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The View from My Kitchen

Benvenuti! I hope you enjoy il panorama dalla mia cucina Italiana -- "the view from my Italian kitchen,"-- where I indulge my passion for Italian food and cooking. From here, I share some thoughts and ideas on food, as well as recipes and restaurant reviews, notes on travel, and a few garnishes from a lifetime in the entertainment industry.

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Grazie mille!

Friday, January 10, 2014

Concassé – A Classic French Technique For Classic Italian Dishes

Okay, we all know that if the French hadn't had the good sense and good fortune to make Caterina de' Medici their queen back in 1547 and if she hadn't brought her own staff of Italian cooks with her to make the disgusting French food more palatable.....well, French food would still be disgusting. But they did and she did and it's not, so everybody wins. Especially the French, who get to brag about being the best cooks in the world......after the Italians taught them how to be.

Seriously, regardless of how it developed, French technique is the worldwide culinary standard. Fussy French chefs in their fussy brigades wearing fussy starched uniforms and fussy tall hats making their fussy sauces and fussy knife cuts and fussy garnishes for their fussy dishes make a bunch of plain old Italian grandmothers look pretty unimpressive by comparison. Even if nonna's food is better.

One of those fancy French techniques that can be applied to simple Italian cooking is concassé. (Pronounced kon-kah-SAY.) Taken from the French word concasser, which means “to crush or grind,” to concassé an ingredient is to roughly chop it. The term is usually applied to vegetables, especially tomatoes.

Now, Italians use a lot of chopped tomatoes. They use them in sauces and salads and pasta dishes and as toppings on bruschetta, just for a few examples. So if you're going to make any of these things, it helps to know how to concassé a tomato.

As it applies to tomatoes, concassé is actually a technique for peeling and seeding as well as for chopping. Yes, you can just take a knife and whack up a whole tomato skins, seeds, and all. But don't. Tomato seeds can be bitter tasting and devilish to pick out of your teeth and tomato skins can be tough and unpalatable even when cooked. When you buy canned Italian tomatoes, they are pomodori pelati; peeled tomatoes. They're peeled, but not always seeded. So let's take the next step to tomato concassé.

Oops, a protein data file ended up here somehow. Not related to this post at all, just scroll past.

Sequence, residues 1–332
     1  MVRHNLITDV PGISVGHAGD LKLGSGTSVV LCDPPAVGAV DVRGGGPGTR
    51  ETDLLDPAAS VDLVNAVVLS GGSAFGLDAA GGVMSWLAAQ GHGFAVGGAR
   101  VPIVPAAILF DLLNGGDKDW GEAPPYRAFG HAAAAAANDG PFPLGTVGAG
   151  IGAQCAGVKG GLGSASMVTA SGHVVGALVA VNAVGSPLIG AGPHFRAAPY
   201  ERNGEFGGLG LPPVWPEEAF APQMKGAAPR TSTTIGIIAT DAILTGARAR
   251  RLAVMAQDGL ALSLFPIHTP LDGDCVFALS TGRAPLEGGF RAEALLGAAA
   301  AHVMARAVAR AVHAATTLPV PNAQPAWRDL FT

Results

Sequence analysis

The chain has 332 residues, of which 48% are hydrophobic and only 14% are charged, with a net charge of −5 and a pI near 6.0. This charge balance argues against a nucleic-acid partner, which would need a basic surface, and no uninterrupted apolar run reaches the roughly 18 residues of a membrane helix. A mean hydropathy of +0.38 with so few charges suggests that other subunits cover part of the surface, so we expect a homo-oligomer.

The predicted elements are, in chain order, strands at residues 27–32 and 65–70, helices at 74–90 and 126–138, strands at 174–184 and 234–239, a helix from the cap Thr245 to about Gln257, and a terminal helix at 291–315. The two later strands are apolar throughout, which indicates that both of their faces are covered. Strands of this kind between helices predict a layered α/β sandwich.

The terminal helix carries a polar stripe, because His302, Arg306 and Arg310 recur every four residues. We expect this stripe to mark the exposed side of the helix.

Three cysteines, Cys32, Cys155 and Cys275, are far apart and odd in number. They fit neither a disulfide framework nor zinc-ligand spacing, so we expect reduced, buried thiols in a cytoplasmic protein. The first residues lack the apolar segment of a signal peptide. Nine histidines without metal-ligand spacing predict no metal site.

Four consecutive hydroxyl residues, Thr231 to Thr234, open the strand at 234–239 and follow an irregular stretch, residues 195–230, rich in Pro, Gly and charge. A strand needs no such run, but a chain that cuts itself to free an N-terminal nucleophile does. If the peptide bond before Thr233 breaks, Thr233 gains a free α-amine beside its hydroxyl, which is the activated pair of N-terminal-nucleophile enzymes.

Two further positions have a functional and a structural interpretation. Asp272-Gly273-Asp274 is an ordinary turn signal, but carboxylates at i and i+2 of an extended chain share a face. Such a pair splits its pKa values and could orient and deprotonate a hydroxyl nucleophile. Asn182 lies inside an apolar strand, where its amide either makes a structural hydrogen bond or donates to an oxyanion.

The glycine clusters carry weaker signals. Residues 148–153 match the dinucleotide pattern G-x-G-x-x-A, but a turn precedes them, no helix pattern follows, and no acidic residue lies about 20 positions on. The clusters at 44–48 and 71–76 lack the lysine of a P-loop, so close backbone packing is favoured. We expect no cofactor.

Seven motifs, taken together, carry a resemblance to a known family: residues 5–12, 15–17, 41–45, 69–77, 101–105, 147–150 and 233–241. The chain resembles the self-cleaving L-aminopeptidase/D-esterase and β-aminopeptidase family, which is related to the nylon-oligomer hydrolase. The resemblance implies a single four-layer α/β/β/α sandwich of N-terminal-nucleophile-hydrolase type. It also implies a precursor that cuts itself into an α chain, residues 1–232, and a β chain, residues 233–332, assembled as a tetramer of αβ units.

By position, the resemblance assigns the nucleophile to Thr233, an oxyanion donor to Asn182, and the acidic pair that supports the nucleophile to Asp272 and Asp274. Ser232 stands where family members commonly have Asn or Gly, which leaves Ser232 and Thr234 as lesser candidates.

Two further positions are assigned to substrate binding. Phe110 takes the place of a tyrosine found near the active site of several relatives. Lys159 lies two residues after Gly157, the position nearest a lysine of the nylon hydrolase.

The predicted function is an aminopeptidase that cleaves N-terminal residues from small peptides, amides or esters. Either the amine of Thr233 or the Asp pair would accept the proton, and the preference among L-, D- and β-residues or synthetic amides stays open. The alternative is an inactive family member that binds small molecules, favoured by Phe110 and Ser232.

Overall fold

Start with fresh, ripe tomatoes. I prefer Roma tomatoes because they have fewer seeds, but any good fresh tomato will do. Fill a deep pot with enough water to cover the tomatoes and bring it to a boil. While that's happening, use the tip of a paring knife to cut around and remove the stem or its remainder on the top of the tomato. Then turn the tomato over and make a small “X” incision in the skin on the bottom. Make your cuts about an inch long and just deep enough to score the skin.

When the water comes to a boil, place the tomatoes – a few at a time if you're working with a big batch – in the boiling water. Leave the tomatoes in the water for 30 seconds to a minute, depending on the freshness of the tomato. When you see the skins start to curl up a bit where you cut the “X,” they're done. Use a spider or a slotted spoon to remove them from the water. This is called blanching or parboiling and it helps loosen the skin.

Cool the tomatoes in an ice water bath. Also called “shocking,” this method immediately stops the cooking process. Just don't leave them in the ice water too long or they'll become waterlogged. A minute or two should do it.

When the tomatoes have cooled, pick one up and slip the tip of your knife under one of the points of the “X” you cut in the bottom. Use your thumb to hold the flap of tomato skin against the blade of your knife and slowly peel back the skin. It should come off easily in nice strips. Do this all the way around.

Next, cut the tomato in half horizontally – around the middle, not top to bottom – and either squeeze out or scoop out the seeds. Some people quarter the tomatoes and seed them; whatever works for you. Now you can easily dice the tomatoes to whatever size you need. Rough chop or fine dice, they'll be a breeze to cut because the tough skin is what makes cutting tomatoes difficult to begin with.

Concaséed tomatoes are less watery when you're cooking with them than diced raw tomatoes. Not so much of a deal if you're putting them in a sauce, but it makes a big difference when you're using them to top bruschetta or putting them in a frittata or something like insalata Caprese. Besides, they look fancier and more finished and that's half of what French technique is about anyway.

So use some of that classic French technique in your classic Italian cooking. It's only fair, right?

Buona fortuna e buon mangiare!


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